|Llandovery, Carmarthenshire, Wales|
|Built by||Richard Fitz Pons?|
|Designated||3 August 1966|
Llandovery Castle (Welsh: Castell Llanymddyfri) is a late thirteenth-century, Grade II*-listed, castle ruin in the town of Llandovery in Carmarthenshire, Wales. It occupies a knoll overlooking the River Towy and the land surrounding it. The Normans built a castle in the current location in the early twelfth century and this was rebuilt in stone. It was burnt in the early sixteenth century and never repaired.
A Norman knight, Richard Fitz Pons, received the lordship of Cantref Bychan in 1116 and he probably began construction of a motte-and-bailey castle in 1116. It was repeatedly lost to the Princes of Deheubarth over the next several generations. King Henry II of England spent a great deal of money repairing the castle in 1159–62, but the Welsh captured it regardless. It finally fell to the English under Edward I in 1277. It was briefly retaken by Welsh forces under Llywelyn ap Gruffudd five years later. The castle was then granted to John Giffard, 1st Baron Giffard, who likely rebuilt it in stone. The building passed to the baronial Audley family of Heleigh in 1299 (who later inherited the lordship of Cemaes in north Pembrokeshire) and then into the Touchet family in the fourteenth century. King Henry IV of England visited the castle in 1400 and it was besieged during the Owain Glyndŵr rebellion three years later. The castle was burnt in a rebellion led by Hywel ap Rhys in 1532 and was never rebuilt.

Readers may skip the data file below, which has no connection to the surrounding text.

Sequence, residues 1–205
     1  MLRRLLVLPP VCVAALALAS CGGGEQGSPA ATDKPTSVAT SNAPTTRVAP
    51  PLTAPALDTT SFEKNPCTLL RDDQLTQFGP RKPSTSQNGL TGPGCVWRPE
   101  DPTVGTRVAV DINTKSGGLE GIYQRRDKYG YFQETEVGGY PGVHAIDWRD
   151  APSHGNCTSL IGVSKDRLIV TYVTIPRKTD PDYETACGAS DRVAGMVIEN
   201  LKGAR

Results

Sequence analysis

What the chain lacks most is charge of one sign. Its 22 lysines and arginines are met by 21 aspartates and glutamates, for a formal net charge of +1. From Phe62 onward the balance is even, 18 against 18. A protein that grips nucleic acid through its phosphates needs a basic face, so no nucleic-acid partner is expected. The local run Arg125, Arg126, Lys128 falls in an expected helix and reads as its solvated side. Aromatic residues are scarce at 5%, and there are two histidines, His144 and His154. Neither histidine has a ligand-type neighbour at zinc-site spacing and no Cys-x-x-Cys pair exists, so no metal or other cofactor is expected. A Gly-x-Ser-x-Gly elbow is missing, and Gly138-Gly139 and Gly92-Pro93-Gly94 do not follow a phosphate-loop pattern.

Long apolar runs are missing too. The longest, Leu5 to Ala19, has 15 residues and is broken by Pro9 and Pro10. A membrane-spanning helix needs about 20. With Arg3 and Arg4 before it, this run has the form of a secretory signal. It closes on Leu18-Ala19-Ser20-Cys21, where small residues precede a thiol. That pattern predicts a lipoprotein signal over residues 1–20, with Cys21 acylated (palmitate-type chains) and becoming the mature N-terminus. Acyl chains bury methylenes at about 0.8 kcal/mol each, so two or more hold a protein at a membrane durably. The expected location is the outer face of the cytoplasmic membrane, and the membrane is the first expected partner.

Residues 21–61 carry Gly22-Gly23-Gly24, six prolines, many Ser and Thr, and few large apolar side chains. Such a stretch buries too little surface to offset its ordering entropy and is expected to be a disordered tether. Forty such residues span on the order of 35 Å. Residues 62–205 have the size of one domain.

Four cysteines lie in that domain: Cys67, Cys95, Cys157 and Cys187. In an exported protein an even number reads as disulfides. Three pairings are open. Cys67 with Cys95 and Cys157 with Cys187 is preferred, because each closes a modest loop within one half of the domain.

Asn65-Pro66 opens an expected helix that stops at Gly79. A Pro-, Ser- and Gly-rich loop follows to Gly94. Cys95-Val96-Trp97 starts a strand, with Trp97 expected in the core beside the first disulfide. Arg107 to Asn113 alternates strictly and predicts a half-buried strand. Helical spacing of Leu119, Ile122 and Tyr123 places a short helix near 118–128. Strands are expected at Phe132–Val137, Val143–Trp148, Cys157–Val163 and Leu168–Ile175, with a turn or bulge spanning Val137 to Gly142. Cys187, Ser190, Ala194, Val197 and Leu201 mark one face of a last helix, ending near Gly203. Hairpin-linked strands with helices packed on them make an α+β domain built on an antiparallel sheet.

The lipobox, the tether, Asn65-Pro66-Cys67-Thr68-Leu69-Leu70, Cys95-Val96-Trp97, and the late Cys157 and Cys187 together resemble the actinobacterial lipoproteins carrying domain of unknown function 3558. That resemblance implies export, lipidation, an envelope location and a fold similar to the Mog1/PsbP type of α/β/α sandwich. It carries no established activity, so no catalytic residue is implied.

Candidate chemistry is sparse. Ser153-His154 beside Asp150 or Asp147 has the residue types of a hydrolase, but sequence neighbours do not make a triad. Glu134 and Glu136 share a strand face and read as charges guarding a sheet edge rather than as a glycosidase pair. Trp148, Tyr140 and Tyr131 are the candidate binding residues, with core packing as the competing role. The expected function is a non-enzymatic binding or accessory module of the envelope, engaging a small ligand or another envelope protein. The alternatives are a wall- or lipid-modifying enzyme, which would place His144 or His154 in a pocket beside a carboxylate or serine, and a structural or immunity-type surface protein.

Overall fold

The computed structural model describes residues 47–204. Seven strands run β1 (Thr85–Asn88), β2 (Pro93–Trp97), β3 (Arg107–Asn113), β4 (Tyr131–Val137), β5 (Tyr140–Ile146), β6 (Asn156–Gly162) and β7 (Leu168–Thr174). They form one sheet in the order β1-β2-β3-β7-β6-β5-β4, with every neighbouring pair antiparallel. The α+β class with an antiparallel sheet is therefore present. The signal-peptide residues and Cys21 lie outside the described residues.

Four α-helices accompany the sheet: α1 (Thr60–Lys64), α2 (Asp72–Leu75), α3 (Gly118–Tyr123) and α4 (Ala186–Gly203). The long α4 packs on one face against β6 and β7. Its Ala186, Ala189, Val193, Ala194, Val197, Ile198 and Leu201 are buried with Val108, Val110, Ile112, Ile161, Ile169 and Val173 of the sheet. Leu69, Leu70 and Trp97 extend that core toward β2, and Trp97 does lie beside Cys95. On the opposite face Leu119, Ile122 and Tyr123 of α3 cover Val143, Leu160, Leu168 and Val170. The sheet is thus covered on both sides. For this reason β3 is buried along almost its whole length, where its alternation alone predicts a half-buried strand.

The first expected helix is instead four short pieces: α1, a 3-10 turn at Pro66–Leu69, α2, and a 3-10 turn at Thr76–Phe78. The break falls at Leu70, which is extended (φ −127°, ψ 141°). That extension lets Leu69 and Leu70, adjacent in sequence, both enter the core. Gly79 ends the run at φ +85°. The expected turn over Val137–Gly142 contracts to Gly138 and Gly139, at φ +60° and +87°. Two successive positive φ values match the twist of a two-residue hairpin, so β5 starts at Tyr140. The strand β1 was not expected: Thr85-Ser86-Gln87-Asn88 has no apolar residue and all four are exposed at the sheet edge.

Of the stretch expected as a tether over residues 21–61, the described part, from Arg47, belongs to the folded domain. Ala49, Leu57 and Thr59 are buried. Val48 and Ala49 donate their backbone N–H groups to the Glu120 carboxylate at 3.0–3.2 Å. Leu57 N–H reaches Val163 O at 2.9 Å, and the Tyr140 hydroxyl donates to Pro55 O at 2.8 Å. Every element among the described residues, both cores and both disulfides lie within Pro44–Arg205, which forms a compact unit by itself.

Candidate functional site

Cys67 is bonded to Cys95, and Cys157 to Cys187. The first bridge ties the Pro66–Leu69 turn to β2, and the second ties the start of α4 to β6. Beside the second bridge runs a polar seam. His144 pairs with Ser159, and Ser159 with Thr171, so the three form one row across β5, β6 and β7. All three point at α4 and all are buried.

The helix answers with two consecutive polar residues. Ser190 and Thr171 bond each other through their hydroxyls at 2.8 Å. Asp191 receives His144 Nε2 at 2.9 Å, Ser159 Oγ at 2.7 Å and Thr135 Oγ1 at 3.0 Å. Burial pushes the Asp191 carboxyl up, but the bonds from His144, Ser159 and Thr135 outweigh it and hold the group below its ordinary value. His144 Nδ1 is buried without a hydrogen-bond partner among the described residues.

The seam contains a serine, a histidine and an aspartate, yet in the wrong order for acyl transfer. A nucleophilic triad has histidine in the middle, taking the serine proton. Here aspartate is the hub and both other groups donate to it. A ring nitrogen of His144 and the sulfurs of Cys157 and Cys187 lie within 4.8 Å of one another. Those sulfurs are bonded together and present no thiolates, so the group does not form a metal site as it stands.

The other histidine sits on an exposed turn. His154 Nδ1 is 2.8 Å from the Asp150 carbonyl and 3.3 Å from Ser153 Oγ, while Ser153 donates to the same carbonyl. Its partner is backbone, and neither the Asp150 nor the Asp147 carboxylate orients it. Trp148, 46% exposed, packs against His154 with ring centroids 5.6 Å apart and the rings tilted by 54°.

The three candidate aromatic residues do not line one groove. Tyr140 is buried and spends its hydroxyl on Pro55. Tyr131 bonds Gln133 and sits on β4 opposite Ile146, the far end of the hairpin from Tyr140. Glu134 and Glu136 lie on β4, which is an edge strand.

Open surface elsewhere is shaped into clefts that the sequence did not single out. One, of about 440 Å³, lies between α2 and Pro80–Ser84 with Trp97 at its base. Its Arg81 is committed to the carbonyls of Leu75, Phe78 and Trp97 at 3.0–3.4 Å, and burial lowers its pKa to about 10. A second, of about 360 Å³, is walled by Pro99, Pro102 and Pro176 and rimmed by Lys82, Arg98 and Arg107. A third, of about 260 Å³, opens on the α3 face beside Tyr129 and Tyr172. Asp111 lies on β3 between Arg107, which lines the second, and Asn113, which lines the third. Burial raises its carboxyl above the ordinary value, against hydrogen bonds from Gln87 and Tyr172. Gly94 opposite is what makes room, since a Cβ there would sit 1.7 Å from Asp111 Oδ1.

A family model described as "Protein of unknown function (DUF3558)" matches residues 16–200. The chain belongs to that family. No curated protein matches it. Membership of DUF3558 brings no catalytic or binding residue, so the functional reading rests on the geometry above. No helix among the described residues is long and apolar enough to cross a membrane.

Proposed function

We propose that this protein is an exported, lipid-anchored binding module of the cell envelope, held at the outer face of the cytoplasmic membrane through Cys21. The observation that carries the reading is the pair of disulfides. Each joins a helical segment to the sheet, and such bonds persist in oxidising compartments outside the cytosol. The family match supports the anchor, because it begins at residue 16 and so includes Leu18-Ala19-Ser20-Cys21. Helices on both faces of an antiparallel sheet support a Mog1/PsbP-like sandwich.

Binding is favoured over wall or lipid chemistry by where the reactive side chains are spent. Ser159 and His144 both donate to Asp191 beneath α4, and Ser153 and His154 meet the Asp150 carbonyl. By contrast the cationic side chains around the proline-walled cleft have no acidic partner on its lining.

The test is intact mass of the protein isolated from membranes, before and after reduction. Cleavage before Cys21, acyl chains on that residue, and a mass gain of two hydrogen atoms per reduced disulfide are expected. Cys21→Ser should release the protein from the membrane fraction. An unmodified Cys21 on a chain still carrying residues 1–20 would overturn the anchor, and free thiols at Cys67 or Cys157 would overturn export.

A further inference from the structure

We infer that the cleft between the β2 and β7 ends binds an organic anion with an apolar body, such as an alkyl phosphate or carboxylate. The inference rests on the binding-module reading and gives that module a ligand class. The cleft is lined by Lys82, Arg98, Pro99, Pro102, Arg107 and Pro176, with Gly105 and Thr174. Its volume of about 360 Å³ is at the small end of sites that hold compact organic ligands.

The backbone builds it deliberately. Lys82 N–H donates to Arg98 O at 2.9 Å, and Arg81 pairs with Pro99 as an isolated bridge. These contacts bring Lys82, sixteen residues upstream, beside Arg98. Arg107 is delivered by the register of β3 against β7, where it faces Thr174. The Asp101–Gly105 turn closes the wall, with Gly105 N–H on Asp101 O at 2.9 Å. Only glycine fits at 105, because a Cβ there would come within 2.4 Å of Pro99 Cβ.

The keep is a large D-shaped tower on the western side of the castle. The gatehouse has two towers on the north side with a well-tower. There are also remnants of the curtain wall around the filled-in ditch.
- List of castles in Wales
- Castles in Great Britain and Ireland
- Scheduled Monuments in Carmarthenshire
- "Llandovery Castle - Llandovery - Carmarthenshire - Wales". www.britishlistedbuildings.co.uk. British Listed Buildings. Retrieved 2 May 2016.
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